You're right.

When cooling a large cake like this, make sure you either cut the dome off or flip the cake back onto it's 'bottom' right away. If you try to leave it upside down with a domed top,

That's EXACTLY what I did! And it stayed that way till the very end.

gravity will pull down on those unsupported corners and your cake will crack/break.


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I guess I was lucky the corners did not crack/break.

This was actually a "practice" cake. I wanted to see how I would do handling this size of a cake for I haven't made anything this BIG. Even though it was a practice run, I sweated because I knew I had to do this again for the "real" thing. The cake was torted, filled, crumb-coated, iced in BC, Viva smoothed, swirls on top and dots along the bottom -- all in 2 hours (see attached). It ended up being donated to a church for their annual spaghetti dinner.

As of 7/25, the "real" cake was presented to my nephew for his 5th b-day. I think my sister and brother-in-law and other family members were more "wowed" than my nephew. This time I did cut the dome off the cake while it was still in the pan, flipped it and cooled it using the underside of my 17" x 11" cookie sheet. Will definitely get the bigger cooling racks using my 40% off coupon at either Michaels or HobbyLobby for my next sheet cake.

Thank you so much for the tips, indydebi.

BTW - you're BC recipe (I subbed hi-ratio shortening) was used for this cake and the final cake (see Semi-finished cake). Love the recipe!
LL
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auntiecake Posted 28 Jul 2010 , 5:20am
post #8 of 10

Gracedidit

Your cake looks great! You can always use a cardboard cut from a box and cover it w/freezer paper using the waxed side. Your cookie sheet w/waxed paper under it is fine also. It doesn't hurt to improvise till you can get everything you need or want. Indydebi is correct about cutting off the dome and so much easier while it is in the pan. Happy cake decorating! Enjoy, your family will appreciate them.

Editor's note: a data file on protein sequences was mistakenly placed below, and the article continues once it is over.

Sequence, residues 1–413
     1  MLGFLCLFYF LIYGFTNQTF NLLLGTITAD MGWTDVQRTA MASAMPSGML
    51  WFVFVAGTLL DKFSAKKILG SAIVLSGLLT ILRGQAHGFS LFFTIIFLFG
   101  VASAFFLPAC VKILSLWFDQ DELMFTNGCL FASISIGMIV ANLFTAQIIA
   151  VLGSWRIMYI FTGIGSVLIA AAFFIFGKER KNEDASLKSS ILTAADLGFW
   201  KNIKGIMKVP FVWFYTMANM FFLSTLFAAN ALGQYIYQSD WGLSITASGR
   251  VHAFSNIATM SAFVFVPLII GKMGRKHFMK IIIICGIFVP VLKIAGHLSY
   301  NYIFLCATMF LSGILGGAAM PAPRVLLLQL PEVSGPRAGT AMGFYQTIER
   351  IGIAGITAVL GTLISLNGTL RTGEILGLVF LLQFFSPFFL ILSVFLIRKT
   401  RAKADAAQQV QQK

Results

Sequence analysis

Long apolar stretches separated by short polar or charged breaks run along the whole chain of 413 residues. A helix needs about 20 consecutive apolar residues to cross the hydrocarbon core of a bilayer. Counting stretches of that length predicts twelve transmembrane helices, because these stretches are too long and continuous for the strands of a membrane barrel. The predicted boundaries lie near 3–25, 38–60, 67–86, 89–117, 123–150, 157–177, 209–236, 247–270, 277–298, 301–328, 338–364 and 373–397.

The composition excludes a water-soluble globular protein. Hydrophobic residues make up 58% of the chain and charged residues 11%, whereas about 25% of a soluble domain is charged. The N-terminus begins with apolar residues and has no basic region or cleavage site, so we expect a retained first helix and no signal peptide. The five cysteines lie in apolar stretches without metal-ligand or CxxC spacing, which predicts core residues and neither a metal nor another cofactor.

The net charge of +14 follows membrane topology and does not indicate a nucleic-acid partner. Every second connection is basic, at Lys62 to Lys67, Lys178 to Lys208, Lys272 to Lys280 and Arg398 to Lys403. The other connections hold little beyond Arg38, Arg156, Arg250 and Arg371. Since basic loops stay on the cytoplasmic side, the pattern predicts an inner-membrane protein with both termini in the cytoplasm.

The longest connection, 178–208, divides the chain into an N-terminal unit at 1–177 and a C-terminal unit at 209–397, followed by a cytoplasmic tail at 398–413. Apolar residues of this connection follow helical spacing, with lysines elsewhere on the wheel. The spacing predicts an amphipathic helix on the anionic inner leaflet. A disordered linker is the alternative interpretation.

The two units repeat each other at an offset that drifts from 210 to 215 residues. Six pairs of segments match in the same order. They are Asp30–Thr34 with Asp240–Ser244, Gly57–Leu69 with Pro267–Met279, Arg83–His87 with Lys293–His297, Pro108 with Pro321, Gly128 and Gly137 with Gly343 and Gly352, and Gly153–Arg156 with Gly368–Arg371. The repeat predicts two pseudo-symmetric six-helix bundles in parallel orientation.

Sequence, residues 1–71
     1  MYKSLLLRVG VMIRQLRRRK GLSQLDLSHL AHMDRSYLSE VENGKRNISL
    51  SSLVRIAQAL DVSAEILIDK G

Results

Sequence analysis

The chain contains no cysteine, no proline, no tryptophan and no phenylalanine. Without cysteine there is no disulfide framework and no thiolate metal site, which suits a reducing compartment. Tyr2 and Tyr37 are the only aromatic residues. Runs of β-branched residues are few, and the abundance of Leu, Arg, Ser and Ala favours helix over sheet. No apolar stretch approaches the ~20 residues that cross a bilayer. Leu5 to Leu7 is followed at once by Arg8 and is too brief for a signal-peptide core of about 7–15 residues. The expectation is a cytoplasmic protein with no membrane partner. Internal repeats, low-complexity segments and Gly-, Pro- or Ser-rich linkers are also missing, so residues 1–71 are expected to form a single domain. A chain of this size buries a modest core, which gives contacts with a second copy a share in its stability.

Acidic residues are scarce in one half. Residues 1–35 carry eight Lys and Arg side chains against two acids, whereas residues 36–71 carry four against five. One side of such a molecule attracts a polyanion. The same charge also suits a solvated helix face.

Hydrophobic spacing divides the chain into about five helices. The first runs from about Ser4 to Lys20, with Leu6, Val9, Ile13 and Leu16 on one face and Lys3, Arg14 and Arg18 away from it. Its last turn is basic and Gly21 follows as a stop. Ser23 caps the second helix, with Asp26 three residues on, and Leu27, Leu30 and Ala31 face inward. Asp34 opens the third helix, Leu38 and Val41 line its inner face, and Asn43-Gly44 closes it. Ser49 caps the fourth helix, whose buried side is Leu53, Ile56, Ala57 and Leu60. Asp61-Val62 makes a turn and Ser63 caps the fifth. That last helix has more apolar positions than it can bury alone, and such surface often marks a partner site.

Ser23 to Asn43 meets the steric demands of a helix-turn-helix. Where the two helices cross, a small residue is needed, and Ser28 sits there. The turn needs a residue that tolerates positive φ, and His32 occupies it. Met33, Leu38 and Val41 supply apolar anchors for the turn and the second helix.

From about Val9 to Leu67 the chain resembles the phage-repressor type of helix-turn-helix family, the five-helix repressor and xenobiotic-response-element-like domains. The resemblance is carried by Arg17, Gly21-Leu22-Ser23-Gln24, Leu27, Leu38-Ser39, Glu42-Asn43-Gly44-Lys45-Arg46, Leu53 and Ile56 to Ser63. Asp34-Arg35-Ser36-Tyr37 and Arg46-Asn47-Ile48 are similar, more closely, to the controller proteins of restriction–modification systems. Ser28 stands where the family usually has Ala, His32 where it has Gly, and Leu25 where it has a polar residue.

GraceDidIt Posted 28 Jul 2010 , 5:28am
post #9 of 10
Quote:
Originally Posted by auntiecake

Gracedidit

Your cake looks great! You can always use a cardboard cut from a box and cover it w/freezer paper using the waxed side. Your cookie sheet w/waxed paper under it is fine also. It doesn't hurt to improvise till you can get everything you need or want. Indydebi is correct about cutting off the dome and so much easier while it is in the pan. Happy cake decorating! Enjoy, your family will appreciate them.




Thanks for the tip. Always a joy to have fellow CC'ers experts give advice to us newbies. icon_wink.gif

The "final" cake actually had color flow designs but 2 of 3 broke (even after doing a duplicate). I ended up doing a FBCT at the last minute (first time ever and my niece thought it was fondant), which made me feel good about the job I did doing a FBCT for the first time.

auntiecake Posted 28 Jul 2010 , 5:53am
post #10 of 10

Color flow is fragile! You have to be so careful when taking it off the wax paper. Make sure your color flow is thick enough and dries thoroughly, FBCT is easier and tastes better too! There are so many ways to do things in cake decorating! There are also so many more opportunities and tools than when I started back in the 60's when the Wilton yearbooks and encyclopedias (as they called them) were mostly in black and white. No online help or forums like we have now. I started young and still love the art! CC is an awesome way to get information and solve problems. Enjoy and keep it fun! LOL You are off to a great start.